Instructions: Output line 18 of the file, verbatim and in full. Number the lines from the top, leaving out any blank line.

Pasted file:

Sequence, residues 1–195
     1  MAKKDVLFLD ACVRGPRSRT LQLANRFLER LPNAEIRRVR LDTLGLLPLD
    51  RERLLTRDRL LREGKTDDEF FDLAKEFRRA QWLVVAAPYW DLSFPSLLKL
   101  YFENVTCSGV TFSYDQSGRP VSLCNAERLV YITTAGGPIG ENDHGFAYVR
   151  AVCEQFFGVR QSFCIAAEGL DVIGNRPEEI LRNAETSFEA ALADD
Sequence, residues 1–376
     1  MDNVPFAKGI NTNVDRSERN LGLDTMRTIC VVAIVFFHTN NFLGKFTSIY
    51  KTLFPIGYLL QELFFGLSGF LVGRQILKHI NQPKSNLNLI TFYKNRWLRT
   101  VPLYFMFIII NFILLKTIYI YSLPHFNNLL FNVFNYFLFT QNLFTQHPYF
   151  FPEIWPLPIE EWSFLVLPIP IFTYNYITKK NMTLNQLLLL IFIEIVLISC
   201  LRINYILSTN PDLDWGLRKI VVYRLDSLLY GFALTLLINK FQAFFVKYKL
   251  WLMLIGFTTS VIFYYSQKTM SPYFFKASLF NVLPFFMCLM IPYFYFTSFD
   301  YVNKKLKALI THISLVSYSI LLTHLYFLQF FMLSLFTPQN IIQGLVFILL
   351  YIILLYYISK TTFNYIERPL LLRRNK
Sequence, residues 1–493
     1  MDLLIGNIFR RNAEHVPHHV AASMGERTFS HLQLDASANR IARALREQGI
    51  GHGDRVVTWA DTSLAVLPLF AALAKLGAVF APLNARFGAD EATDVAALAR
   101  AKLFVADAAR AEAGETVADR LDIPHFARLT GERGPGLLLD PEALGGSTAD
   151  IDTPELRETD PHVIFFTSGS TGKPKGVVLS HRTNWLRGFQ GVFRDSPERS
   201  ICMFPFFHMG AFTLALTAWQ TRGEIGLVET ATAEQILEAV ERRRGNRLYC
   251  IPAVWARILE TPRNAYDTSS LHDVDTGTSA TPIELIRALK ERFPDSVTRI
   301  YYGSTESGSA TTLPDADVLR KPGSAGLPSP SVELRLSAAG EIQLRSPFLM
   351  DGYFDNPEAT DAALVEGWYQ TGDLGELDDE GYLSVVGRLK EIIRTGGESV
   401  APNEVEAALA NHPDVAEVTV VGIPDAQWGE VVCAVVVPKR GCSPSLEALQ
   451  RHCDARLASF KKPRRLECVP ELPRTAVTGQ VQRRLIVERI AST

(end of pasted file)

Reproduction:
   101  AKLFVADAAR AEAGETVADR LDIPHFARLT GERGPGLLLD PEALGGSTAD